Therefore, he deactivates all the theft detection means, isolating the battery 80.
The handle can be released and the attache case opened without triggering any flooding process.
The previously described protective screen as shown in FIGS. 16, 17, 18, 19 operates by short circuiting two layers of opposite polarity. By way of experimentation, this screen has been glued onto a sheet of iron plate 1,5 mm thick and subjected to a shot fired from a magnum revolver, the impact being shown on the iron (which simulates the wall of the van body). Depending on the energy of the projectile, the plate may be pierced or deformed to cause the screen to tear. In either case, in order to have a reliable short circuit, it would be appropriate to have four thin metal layers of alternating polarity, separated from one another and encased in five layers of polypropylene.
This screen likewise protects an enclosure which is sealed against any penetration by drills and against being cut open by a circular saw. Furthermore, the fact that there is a considerable difference in melting point between aluminium (MP=660° C.) and polypropylene (MP=165° C.), means that cutting with an oxy-acetylene torch or a laser creates a zone of contact between two layers of aluminium in the screen close to the commencement of the cut thus causing foam to invade the enclosure.
The use of the bags employed in security devices as shown in FIGS. 25, 26, 27, 28, 29 and 30 will now be described.
The carrier puts on his belt 298 which carries the electrical box 297, connects the plug to the plug 318 so making a continuous connection as far as the electronics box 299 in the sac 296 which has first been filled with bank notes.
Then, using the key 319, he activates the system while holding the bag with one hand. The luminous indicator 317 will light up. Any disconnection of the plug 318, 320, or 322, 323 by simple releasing of the bag or any cutting of the lead, or if the box is torn away or if the belt is undone will cause an opening of the electric circuit which, analysed by the electronics box 299 which is provided with a battery, will immediately produce the secondary electric current which triggers the igniter 221 producing inundation with foam so that the notes in the bag will become invalidated.
The key 319 can be taken inside the van by another carrier. If the journey takes place without attack as far as the van, the afore-mentioned device is deactivated inside the van by the key 319 and the whole security device is disconnected at the plugs 318, 320.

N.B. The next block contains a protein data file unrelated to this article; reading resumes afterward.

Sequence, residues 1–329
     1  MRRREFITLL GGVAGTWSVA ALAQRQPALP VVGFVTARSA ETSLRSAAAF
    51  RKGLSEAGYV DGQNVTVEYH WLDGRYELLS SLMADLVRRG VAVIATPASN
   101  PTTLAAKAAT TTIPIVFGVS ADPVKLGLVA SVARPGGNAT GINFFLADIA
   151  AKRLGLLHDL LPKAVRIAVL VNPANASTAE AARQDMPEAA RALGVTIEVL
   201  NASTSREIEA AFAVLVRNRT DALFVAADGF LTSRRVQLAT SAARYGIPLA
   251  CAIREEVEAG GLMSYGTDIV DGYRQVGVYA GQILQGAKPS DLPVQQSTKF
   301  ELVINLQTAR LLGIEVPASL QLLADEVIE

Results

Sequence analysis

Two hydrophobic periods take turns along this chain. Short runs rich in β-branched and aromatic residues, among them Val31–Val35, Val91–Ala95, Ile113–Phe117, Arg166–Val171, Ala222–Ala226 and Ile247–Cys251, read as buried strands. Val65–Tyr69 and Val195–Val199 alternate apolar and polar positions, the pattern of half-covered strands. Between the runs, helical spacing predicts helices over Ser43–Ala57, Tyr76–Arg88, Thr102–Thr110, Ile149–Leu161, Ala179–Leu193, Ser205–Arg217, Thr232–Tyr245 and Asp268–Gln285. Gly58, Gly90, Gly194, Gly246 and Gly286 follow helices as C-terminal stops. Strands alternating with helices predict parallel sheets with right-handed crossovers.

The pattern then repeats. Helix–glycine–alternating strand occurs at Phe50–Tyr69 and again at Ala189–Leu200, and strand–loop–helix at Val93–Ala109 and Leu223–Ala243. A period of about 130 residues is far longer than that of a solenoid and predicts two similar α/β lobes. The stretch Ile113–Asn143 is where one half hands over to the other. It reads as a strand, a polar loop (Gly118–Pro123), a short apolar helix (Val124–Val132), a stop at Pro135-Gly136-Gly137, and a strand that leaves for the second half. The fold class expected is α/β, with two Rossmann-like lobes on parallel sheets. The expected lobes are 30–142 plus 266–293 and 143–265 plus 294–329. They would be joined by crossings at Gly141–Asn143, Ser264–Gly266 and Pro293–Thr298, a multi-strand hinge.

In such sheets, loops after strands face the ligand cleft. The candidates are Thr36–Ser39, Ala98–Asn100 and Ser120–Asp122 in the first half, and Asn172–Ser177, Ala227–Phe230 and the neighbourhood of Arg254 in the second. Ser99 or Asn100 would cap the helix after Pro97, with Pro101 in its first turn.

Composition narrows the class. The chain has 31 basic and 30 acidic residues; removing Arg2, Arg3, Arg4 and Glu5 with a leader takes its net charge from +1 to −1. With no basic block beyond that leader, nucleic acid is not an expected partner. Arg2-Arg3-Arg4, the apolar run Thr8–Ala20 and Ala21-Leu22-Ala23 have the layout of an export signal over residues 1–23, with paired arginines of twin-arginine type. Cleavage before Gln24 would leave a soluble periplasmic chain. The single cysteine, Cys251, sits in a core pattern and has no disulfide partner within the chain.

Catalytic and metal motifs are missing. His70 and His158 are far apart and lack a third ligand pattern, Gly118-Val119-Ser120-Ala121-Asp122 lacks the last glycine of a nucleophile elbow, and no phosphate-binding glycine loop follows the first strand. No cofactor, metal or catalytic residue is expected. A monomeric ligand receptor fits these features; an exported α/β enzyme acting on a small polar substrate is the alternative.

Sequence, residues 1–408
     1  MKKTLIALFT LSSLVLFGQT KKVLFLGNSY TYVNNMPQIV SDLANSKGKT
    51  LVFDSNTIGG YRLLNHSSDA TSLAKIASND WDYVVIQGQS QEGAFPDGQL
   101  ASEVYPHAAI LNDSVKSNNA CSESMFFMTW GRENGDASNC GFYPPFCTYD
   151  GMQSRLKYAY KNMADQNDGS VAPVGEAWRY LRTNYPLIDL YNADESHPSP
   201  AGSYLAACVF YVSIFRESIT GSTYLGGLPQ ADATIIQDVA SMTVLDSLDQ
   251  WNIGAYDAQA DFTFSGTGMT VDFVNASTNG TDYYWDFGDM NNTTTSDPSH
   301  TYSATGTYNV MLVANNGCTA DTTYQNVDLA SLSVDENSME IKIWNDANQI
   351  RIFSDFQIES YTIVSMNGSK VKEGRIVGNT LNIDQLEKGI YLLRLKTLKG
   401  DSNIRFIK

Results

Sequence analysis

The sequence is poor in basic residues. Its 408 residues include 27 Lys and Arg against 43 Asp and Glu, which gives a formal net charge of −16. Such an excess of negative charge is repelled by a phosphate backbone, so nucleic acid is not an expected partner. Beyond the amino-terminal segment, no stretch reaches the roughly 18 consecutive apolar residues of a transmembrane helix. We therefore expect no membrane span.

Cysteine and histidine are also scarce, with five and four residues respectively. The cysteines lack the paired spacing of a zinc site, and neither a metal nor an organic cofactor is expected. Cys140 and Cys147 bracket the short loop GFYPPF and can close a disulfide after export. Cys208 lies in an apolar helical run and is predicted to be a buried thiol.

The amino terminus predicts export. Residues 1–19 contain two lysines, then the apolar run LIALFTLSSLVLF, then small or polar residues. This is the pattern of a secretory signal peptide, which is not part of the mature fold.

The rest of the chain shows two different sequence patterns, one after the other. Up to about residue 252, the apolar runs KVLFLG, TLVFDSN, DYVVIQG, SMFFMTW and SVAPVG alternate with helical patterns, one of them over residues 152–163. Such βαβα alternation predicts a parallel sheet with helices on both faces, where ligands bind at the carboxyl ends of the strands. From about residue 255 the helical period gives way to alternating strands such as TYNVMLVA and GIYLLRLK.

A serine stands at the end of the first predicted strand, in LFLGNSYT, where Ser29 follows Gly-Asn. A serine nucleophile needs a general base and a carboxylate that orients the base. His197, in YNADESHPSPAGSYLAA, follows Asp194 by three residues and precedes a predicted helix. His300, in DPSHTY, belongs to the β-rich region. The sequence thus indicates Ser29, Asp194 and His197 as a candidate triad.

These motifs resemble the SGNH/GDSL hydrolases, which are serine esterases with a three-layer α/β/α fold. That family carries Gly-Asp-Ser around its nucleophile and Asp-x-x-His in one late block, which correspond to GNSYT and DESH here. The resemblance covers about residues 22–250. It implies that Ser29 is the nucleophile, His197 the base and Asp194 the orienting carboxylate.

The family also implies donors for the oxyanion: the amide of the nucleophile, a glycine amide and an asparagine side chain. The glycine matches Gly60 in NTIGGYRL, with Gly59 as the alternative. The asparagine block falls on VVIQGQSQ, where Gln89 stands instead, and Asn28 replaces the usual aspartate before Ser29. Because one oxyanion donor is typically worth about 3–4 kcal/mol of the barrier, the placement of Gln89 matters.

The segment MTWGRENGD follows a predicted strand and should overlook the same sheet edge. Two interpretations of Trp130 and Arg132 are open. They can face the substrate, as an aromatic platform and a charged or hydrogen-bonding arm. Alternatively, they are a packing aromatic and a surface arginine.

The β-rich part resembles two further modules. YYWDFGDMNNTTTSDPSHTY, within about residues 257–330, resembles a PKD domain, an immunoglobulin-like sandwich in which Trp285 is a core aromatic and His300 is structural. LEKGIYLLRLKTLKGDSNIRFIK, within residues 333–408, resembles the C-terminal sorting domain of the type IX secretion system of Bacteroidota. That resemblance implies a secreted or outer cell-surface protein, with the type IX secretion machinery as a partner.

The plug 320 is immediately connected to the control unit 331 and the driver can, by operating the control box 332, trigger at any time an intentional flooding of the bags. Furthermore, the protective screen is activated.
An alternative form of cash transportation resides in carrying the bags 296 out of the van in the security device shown in FIG. 29 in the form of a large box.
This box is in particular fitted with a retractable handle, a timing device which cannot be differently regulated, 286, a protective screen, 278, a limit switch a closure system 328, and so produce protection similar to the previously described attache case.
Various modifications and alternatives may be contemplated by those skilled in the art without departing from the scope of the present invention. In particular it is possible to envisage substituting an electrically operated valve for a mechanical or pyrotechnic piercing member such as has been described. In particular, in the cylindrical body of a foam generator according to the invention, gas and liquid pressure spaces may be disposed on either side of a piston adapted to slide in the said cylindrical body. Furthermore, in a currency carrying situation, it is possible to envisage carrying attache cases and security boxes according to the invention, in unmarked unarmoured vehicules which would be difficult to identify by criminal elements.
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|U.S. Classification||109/25, 109/32, 109/42, 109/20|
|International Classification||A45C13/24, E05G1/14, G08B15/02|
|Cooperative Classification||G07D11/0006, E05G1/14, E05G1/005, G08B15/02|
|European Classification||G08B15/02, E05G1/14|
|Aug 25, 1992||REMI||Maintenance fee reminder mailed|
|Jan 24, 1993||LAPS||Lapse for failure to pay maintenance fees|
|Apr 6, 1993||FP||Expired due to failure to pay maintenance fee|
Effective date: 19930124